Download an AMCRAN 2008 brochure.
The Australian Muslim Civil Rights Advocacy Network (AMCRAN), formally established in 2004, is a network of volunteers dedicated to
preventing the erosion of civil rights of all Australians. By drawing
on the rich civil rights heritage of the Islamic faith, AMCRAN provides
a Muslim perspective on matters relating to civil rights. It actively
participates in law reform and policy work, including legislative
reform through submissions to government bodies, lobbying, grassroots
community education, and communication through media. It collaborates
with many Muslim organisations and non-Muslim organisations to achieve
AMCRAN was established at a critical time when
complex anti-terrorism legislation was introduced, and the lack of
information about the new laws, together with the stigma that
surrounded the word “terrorism”, resulted in a reluctance in the minds
of many in the community to engage in this area.
Community Education and Consultation
One of AMCRAN’s major projects has been the publication of the series Anti-Terrorism Laws: ASIO, the Police and You,
in cooperation with the UTS Community Law Centre and the New South
Wales Council for Civil Liberties. The booklets explain people’s
rights and responsibilities under Australia’s anti-terrorism
legislation. The first edition was launched in June 2004. Four thousand
copies were produced and distributed at various events to organisations
and individuals all around Australia. Thanks to project funding from
the Law and Justice Foundation and the UTS Students Association and UTS
Law Faculty, the latest edition has been translated into three
community languages: Arabic, Bahasa Indonesia and Urdu. These booklets
can be downloaded from AMCRAN’s website.
In addition to the publications, AMCRAN conducts community legal
education sessions that have been attended by more than 350 people, and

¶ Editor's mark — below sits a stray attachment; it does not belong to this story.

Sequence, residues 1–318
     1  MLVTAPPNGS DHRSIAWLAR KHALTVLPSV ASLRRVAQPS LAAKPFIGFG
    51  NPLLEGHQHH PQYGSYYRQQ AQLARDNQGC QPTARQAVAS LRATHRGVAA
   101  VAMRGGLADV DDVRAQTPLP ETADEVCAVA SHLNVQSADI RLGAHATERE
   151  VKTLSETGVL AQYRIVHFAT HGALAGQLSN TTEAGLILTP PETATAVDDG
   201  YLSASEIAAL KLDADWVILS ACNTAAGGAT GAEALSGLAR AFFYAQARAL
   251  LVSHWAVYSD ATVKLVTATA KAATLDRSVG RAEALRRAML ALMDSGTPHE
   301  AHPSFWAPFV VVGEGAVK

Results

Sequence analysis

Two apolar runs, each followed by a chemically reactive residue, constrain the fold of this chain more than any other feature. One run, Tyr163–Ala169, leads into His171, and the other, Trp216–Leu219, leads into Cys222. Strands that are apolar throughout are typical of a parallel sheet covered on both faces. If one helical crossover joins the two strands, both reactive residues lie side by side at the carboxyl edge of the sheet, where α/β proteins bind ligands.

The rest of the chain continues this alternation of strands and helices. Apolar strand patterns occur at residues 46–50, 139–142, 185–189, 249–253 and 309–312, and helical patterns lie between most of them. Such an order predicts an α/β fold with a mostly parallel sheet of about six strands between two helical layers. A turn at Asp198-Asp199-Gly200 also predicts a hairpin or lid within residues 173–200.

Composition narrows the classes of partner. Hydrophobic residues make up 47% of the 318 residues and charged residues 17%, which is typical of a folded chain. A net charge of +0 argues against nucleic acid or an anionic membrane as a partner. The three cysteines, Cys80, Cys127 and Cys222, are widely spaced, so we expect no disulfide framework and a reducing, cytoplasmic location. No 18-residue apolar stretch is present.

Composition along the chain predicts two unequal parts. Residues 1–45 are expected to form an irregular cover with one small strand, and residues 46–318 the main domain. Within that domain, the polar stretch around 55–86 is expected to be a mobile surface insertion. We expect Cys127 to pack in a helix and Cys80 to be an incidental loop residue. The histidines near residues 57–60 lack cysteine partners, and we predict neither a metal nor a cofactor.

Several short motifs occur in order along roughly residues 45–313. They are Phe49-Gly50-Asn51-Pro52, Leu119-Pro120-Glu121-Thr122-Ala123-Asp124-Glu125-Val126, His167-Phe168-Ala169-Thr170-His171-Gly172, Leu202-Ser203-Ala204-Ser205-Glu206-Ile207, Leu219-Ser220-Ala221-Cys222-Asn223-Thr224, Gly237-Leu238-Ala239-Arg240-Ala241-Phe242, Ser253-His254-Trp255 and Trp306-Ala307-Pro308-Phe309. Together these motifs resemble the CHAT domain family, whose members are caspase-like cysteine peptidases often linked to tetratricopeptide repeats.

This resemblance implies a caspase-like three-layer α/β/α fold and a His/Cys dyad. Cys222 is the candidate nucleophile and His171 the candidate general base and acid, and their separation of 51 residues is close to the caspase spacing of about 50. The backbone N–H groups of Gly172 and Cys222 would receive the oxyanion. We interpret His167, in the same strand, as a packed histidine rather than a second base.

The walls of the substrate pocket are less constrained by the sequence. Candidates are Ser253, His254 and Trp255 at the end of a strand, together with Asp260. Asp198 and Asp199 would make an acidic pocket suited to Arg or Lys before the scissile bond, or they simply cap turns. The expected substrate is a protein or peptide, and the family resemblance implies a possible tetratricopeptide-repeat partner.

has also provided legal information to religious leaders. It also
conducts courses on broader areas of law of interest of the Muslim
community, such as racial and religious vilification. It has also
conducted a survey of the Muslim community about the effects of the
Political and Legal Advocacy
makes representations to politicians, senior public servants and
community leaders frequently, both through meetings and discussions and
also formal means such as Parliamentary Inquiries. AMCRAN has
written more than 25 submissions to various inquiries since its
establishment and has appeared before a number of these inquiries to
give further evidence.
Media and public advocacy
AMCRAN works through the media to present an Islamic perspective on civil rights issues. Its representatives appear regularly in print, radio and television. AMCRAN has also published several opinion articles in high-circulation newspapers. Its representatives speak at public forums and meetings for both Muslim and non-Muslim groups on diverse topics such as “Integration or Isolation” and “Terror Laws and the Muslim community: where does terror end and where does security begin?” AMCRAN convenors have also been published in refereed legal journals on the topic of anti-terror laws.